Back to All
A person wearing a yellow shirt and colorful headphones around their neck leans against a wall.

Overcoming a Painful Experience: Common Symptoms of PTSD

CW: This post discusses trauma and exposure to traumatic experiences. If you or a loved one are in need of immediate help, please contact the Crisis Support Hotline at 1 (800) 811-4760 for confidential mental health services, available 24/7.

Posttraumatic Stress Disorder (PTSD) is a clinical term which you may hear in everyday conversation: That breakup gave me PTSD. I still have PTSD from my last graveyard shift. My kids have PTSD from the COVID pandemic. The list goes on.

Much of what we know (or think we know) about PTSD is based on our understanding of trauma. Many significant and painful life events can seem traumatic, and the lasting impact of a conflict may feel like more than just a “funk” or a bad day. The truth is many experiences can be traumatic and people can be affected by life-changing events in very different ways. So, how can we better recognize the signs of distress in ourselves and our loved ones?

What is PTSD?

Posttraumatic Stress Disorder is a serious mental health condition resulting from exposure to a traumatic event. Historically, PTSD was first observed among members of the armed forces who struggled to adjust to life at home after returning from active duty. This was also commonly referred to as “shell shock.” Professionals now recognize that PTSD can affect people from all walks of life, and not just those who have been involved in military combat.

After a distressing life event, such as the unexpected death of a loved one or exposure to gun violence, a person will have a stress response. This could include a range of emotions: from shock, anger and sadness to grief and pain. Having a stress response is part of processing a painful experience. But, if these symptoms are impacting a person’s ability to function, increasing in severity or lingering over time without improvement, this could be an indicator of PTSD.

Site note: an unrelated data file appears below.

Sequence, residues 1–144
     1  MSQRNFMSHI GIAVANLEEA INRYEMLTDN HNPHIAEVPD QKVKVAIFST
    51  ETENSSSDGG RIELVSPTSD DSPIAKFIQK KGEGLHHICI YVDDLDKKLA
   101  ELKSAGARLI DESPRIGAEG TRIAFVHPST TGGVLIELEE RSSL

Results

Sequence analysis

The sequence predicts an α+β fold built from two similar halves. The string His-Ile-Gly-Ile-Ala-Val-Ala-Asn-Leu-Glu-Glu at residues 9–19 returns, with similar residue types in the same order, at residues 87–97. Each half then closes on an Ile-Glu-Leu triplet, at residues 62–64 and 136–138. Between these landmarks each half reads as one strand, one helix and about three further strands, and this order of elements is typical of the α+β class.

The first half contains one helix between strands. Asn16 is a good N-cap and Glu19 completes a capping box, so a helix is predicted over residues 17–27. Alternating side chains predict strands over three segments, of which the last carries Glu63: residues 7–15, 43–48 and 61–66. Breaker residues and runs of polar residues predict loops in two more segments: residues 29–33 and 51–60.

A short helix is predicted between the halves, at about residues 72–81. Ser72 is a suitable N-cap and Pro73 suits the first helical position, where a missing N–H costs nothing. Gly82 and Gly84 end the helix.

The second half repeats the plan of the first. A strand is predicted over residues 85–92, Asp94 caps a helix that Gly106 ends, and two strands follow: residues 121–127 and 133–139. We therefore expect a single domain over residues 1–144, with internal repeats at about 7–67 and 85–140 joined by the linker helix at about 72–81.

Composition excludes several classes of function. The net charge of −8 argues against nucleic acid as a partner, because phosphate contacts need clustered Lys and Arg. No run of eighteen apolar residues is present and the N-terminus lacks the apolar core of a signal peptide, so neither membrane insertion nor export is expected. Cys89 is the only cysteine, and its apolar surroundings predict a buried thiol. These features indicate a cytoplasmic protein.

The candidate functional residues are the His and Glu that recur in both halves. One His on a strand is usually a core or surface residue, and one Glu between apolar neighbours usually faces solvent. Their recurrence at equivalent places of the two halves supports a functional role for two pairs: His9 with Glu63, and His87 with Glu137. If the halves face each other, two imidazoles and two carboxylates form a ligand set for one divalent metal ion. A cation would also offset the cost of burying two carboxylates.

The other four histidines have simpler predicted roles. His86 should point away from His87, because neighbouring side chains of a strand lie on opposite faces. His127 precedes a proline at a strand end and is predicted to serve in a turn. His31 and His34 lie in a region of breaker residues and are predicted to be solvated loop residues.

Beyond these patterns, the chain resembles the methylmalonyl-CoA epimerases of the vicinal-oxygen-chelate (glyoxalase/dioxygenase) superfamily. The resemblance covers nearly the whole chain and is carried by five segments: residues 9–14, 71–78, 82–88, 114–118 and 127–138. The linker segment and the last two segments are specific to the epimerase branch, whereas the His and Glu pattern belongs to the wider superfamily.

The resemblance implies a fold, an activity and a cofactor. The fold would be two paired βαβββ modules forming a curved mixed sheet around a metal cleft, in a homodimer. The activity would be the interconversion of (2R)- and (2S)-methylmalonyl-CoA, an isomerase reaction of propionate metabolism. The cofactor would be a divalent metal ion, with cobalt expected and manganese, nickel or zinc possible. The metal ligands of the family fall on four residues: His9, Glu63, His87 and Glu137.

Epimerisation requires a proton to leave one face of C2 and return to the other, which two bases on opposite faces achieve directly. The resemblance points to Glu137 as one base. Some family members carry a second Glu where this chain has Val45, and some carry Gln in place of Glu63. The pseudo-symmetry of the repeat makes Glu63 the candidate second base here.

Remember, PTSD is a potentially life-threatening condition that can only be diagnosed by a licensed mental health professional. If you or a loved one are struggling to adjust to life after a traumatic event, do not delay seeking treatment.

How Does PTSD Happen?

No two people will be affected by an experience the same way. Many different scenarios and life events can trigger PTSD. In fact, a person may experience signs or symptoms of PTSD several months or even years after a traumatic situation has initially taken place.

PTSD can be the result of a serious event, such as:

  • A car accident or other near-death experience
  • Burglary, robbery or being held hostage
  • Physical or sexual violence
  • Military combat
  • Sudden or unexpected loss of a loved one
  • Witnessing violence, either first-hand or second-hand
  • Pandemic or natural disaster, such as a tornado or wildfire

Some people are exposed to trauma on a regular basis as a result of their job — examples include first responders, police, firefighters, crisis hotline operators, case workers, emergency medical technicians, and members of the armed forces. People in these occupations may feel they are gradually becoming desensitized to trauma without realizing the toll it has taken on their overall health or outlook on life.

There are other factors that can also affect the way we process and respond to a traumatic situation, including:

  • Existing mental health conditions
  • Mental health conditions of blood relatives
  • Childhood trauma, or other exposure to past trauma
  • Substance use
  • Lack of supportive relationships

Common Symptoms of PTSD